Renovated house boasts a new modern look – the HomeMade project
Here we would like to offer you a modern renovated house present, which welcomes its guests with a newly designed facade. HomeMade is the first residential conversion project from the architectural firm Bureau de Change Design Office based in London.
HomeMade renovated house by Bureau de Change Design Office
This modern home was remodeled and renovated in 2012 and now boasts a new contemporary look. The double-wide living room is a perfect mix of old and new and is based on strong light-dark contrasts.
The fascinating residential building consists of 2 existing buildings on neighboring properties. The clients did not want to start with the architectural conditions, but rather optimize the floor plan, create a uniform look and change the orientation of the living space. A key decision with regard to the interior design was the choice of the heart of the house, says architect Billy Mavropoulos from Bureau de Change.
2 houses converted into a single family home
This so-called centerpiece is located in the “meeting point” of the former and the current residential building. It represents a wide and comfortable box room, clad with oak wood, which is used to store personal belongings. The vertically running oak wood panels are pulled down at an angle of 90 ° in order to create the stairs that lead to the upper floor.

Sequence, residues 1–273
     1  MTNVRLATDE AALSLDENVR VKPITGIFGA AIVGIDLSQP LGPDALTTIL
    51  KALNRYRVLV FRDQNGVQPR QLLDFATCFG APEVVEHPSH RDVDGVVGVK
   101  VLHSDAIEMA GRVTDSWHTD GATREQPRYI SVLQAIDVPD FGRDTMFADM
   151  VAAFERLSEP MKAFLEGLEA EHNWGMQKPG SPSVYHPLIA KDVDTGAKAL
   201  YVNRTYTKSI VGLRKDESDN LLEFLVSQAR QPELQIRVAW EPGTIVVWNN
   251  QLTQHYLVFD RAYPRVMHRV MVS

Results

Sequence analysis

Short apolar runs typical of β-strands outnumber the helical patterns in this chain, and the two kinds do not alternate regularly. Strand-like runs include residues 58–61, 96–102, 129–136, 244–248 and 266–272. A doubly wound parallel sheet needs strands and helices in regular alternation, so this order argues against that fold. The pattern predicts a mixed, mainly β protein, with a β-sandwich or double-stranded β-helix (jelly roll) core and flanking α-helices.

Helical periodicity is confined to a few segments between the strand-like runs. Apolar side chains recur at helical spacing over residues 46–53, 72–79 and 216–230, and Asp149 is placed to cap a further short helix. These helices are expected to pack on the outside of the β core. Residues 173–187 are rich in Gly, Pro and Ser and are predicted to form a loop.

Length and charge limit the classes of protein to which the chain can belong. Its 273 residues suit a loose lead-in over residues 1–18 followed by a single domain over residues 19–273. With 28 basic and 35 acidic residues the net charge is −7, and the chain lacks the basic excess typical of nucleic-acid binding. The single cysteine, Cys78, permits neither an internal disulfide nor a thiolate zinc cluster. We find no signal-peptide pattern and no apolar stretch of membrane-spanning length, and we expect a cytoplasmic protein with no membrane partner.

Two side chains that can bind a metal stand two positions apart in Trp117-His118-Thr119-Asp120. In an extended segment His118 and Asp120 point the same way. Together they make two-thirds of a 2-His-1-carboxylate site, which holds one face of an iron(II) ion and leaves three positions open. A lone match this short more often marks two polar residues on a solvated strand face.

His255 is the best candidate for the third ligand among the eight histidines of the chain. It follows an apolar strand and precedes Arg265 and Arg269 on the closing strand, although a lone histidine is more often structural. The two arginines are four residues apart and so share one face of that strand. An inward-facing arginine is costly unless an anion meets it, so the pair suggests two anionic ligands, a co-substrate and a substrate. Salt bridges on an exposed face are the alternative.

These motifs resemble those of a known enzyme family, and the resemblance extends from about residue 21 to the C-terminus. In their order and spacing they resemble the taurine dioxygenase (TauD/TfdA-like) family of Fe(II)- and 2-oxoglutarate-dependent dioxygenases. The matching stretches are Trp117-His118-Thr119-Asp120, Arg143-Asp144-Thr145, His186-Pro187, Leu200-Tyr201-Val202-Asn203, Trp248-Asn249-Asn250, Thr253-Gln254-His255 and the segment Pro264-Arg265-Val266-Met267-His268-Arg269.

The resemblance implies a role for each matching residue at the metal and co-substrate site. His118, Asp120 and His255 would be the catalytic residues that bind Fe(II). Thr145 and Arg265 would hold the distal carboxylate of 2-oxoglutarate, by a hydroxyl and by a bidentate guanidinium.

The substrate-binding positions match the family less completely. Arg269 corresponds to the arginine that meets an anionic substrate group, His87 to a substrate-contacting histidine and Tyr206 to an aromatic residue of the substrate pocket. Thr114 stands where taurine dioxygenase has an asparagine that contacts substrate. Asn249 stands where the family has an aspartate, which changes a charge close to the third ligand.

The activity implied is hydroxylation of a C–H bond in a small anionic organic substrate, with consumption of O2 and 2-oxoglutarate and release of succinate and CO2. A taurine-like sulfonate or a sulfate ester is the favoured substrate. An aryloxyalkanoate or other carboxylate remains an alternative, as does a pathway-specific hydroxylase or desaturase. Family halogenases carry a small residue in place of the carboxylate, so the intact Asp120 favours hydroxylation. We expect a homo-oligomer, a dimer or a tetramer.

The rear facade is provided with a lot of glass
The living room has an open plan and includes a stainless steel kitchen with island and dining area with access to the rear property area. As a modern renovated house should convey the feeling of more openness and spaciousness, the team of architects opted for floor-to-ceiling glazing. The 11 meter high facade consists of skylights and sliding elements that merge the visual border between the interior and exterior areas. The original components were recycled inside wherever possible.
Photos by: Eliot Postma
The cold and austere effect of the white surfaces is softened by rustic textures
Accents in the interior – wooden staircase structure and brick wall
Stainless steel kitchen with a minimalist look with dining area
Old meets new, light meets dark
Create more openness and space through sliding doors
Home decorations spice up the atmosphere
Lively accents in the black and white bedroom
Bathroom without partition
The glazing gave both buildings a uniform look
View from above
Side view in section